In the roadside attraction community, a commonly sought-after statue series is the iconic and quirky collection of “Muffler Men.” Muffler Men are large, fiberglass characters which take on generally 5 different looks: The classic Muffler Man, the Indian Brave, the Bearded “Bunyan,” The Cowboy, and the Half-Wit. At one point, Muffler Men numbered in the thousands, but these days there are only around 200 of them still around out there, and surprisingly, roadside attraction-heavy Minnesota only has two. Read on to find out more!
First off, to give you an idea of the different versions of these roadside giants, here are a few examples of Muffler Men around the US:
The most common of the Muffler Men, the classic has his arms bent at the elbows, one hand facing up and the other facing down, giving the owner the option to place something in his hands, such as a muffler, a wrench, etc. His clothing can be customized as the owner sees fit. This one is located in Greeley, CO.
The Bearded, “Bunyan” Muffler Man is a slight variation of the Classic, only with a beard. Similar to the Classic, his clothing can also be customized as can the arm positioning, as seen above in Sioux Falls, SD.
Another common twist on the classic, the Cowboy Muffler Man dons a traditional cowboy hat, and almost always features the arms in the classic “one palm up, one palm down” position. This beer drinking guy is seen in Sturgis, SD.
The Indian Brave:
The Indian Muffler Man is generally found sans shirt and his hand is raised in a salute of sorts. They often don a single feather or sometimes the full Indian headdress. The above Indian is located in Carrington, ND.
Photo courtesy usagiants.com
The Half-Wit is a Muffler Man character I was unaware of until recently, as there are unfortunately none around the Minnesota area. Unlike the serious, stern looking Muffler Men, he takes on a goofy, gap-toothed smile reminiscent of Alfred E. Neuman but has a similar body style as the regular Muffler Man. They tend to stand quite a bit shorter as well. This Half-Wit is found in Beaumont, TX.
A Brief History: Muffler Men were built by the International Fiberglass Company based out of Venice, CA, starting back in the 1960’s. The first known statue was erected at the Paul Bunyan Café on Route 66 in Flagstaff, AZ in 1962. Shortly after, Muffler Men began to pop up all around the country. Hundreds were outfitted to look like everything from Paul Bunyans to cowboys to astronauts to mechanics. When businesses would close or move locations, the iconic fiberglass giants statues were typically re-purposed into new characters elsewhere, and this is still the case to this day. Around 1976, International Fiberglass closed for good and the molds for the Muffler Men were lost. Since these were a limited-time production, they are often rare and valuable, like any collectible. Here are Minnesota’s:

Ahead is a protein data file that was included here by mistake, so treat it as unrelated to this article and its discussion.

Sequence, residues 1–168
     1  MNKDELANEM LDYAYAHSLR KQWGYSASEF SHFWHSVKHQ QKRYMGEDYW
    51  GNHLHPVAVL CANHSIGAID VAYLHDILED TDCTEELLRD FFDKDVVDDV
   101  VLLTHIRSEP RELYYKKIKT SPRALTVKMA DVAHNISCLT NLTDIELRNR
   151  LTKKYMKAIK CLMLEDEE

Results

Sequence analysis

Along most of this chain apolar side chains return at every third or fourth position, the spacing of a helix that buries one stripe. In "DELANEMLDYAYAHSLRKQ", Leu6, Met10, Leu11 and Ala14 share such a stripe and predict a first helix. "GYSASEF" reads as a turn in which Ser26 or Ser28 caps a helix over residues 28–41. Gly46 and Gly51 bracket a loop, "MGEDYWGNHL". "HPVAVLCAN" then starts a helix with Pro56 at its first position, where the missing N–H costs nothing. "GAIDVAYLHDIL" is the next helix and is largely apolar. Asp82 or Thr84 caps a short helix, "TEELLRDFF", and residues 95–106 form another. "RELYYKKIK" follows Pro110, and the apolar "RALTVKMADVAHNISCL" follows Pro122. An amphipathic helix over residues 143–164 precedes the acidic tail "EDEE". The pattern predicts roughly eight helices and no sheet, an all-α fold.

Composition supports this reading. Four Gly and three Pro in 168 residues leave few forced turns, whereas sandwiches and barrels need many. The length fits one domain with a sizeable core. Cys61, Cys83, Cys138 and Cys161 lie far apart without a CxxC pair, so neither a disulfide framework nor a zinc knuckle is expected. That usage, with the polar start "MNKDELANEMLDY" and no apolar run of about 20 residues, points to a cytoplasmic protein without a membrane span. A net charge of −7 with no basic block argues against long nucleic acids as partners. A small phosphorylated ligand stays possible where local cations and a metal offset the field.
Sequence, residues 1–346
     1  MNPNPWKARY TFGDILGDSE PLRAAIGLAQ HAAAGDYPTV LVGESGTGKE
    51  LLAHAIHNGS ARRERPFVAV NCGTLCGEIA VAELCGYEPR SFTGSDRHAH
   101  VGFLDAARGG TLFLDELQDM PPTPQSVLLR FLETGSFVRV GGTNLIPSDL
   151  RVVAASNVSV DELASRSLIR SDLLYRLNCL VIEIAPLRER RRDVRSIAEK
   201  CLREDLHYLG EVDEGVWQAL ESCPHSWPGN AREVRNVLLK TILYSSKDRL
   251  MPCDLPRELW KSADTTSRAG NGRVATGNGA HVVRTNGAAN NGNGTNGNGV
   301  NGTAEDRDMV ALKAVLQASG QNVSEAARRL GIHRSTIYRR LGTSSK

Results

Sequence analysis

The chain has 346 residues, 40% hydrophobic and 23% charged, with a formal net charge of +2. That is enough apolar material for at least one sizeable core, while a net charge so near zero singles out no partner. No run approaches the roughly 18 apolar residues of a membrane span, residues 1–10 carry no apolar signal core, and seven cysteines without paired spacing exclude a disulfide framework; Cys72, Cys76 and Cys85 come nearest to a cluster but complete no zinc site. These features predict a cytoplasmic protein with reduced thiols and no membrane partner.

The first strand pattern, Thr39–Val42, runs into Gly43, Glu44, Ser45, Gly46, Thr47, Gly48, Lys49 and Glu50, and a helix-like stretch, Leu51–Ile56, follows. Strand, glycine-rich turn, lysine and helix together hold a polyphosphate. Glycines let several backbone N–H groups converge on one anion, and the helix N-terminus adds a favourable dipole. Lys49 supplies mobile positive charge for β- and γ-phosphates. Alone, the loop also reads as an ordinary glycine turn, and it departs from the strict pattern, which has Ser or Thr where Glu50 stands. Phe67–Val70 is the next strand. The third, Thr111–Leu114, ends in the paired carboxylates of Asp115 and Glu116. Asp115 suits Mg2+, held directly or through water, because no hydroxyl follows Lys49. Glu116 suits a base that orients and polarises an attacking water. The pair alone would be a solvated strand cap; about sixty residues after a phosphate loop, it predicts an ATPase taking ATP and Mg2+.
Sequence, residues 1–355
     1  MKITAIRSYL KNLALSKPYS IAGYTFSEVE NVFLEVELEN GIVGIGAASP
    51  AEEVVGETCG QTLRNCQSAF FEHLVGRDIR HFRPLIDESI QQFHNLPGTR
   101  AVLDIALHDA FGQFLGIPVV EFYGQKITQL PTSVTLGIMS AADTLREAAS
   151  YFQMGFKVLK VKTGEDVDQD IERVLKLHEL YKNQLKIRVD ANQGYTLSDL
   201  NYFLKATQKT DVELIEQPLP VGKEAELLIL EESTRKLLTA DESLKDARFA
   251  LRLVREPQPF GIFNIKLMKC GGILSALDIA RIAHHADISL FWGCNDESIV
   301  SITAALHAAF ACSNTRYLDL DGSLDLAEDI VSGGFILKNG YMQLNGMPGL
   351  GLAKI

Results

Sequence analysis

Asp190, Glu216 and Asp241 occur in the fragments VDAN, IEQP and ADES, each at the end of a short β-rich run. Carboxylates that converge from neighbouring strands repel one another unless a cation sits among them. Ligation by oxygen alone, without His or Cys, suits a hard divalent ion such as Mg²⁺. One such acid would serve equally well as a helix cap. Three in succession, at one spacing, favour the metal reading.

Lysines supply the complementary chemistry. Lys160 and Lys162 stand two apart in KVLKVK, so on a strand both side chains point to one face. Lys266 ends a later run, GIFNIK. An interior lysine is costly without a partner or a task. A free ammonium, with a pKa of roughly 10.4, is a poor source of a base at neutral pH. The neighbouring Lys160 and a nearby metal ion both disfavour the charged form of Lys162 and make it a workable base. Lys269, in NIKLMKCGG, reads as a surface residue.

Battle Lake, MN:
WIth a population of around 800, Battle Lake, MN, owns the first of two remaining Muffler Men. Overlooking the lake in a roadside park, “Chief Wenonga” stands with his hand saluted and bears the significance of an Indian battle in the 1790s which took place here, hence the name “Battle Lake.” This Muffler Man, an Indian Brave, sports the full headdress and clutches a tomahawk.
Coincidentally, the other surviving Muffler Man in our great state is also an Indian Muffler Man, found in Bemidji. This Indian does not feature the headdress as with the Battle Lake Indian, and stands in front of a Trading Post gift shop. His name is Chief Nanabozho, and his claim to fame is taking down the legendary logger Paul Bunyan, whom he viewed as a destructive force to nature. Currently he is positioned behind a tree that just keeps getting bigger every time I go to Bemidji.
Other: There are stories of other past Muffler Men in Minnesota, and I was lucky enough to capture one back in 2009. A classic Bunyan, he was positioned outside of a bowling alley in the Bunyan-esque town of Brainerd, MN. He held a bowling ball and his sidekick Babe the Blue Ox clutched bowling pins in his mouth. Sadly, the bowling alley closed in 2011 to make way for a Kohl’s department store, and the statues were auctioned off and allegedly shipped to North Carolina. In the Kohl’s parking lot, there are giant shoeprints as an homage to the giant logger.
There was also once a Muffler Man in Warroad, MN, who once held a hockey stick. A story on RoadsideAmerica.com indicates that over 20 years ago he was vandalized and that was that. Not much else is known on his whereabouts. Ham Lake, MN, also was said to own a Muffler Man that was sold to a minor league baseball team in Joliet, IL, for use at their field around 2003. His whereabouts are now also unknown. Lastly, an Indian Muffler Man similar to Battle Lake’s Indian once stood outside of a hotel in Bloomington, MN. He was taken down and scrapped in 2006 when some construction was done around the Mall of America.
Muffler Men are a huge part of Americana and their stories tell the tales of the American roadside. The countless ways they have been customized, repurposed, broken and repaired, and gone for good are an intriguing part of their lore. Our friends over at American Giants have recently started a journey to hunt down, track, and document every remaining Muffler Man out there. We salute the Muffler Men and their caretakers, and hope they remain for future generations to enjoy.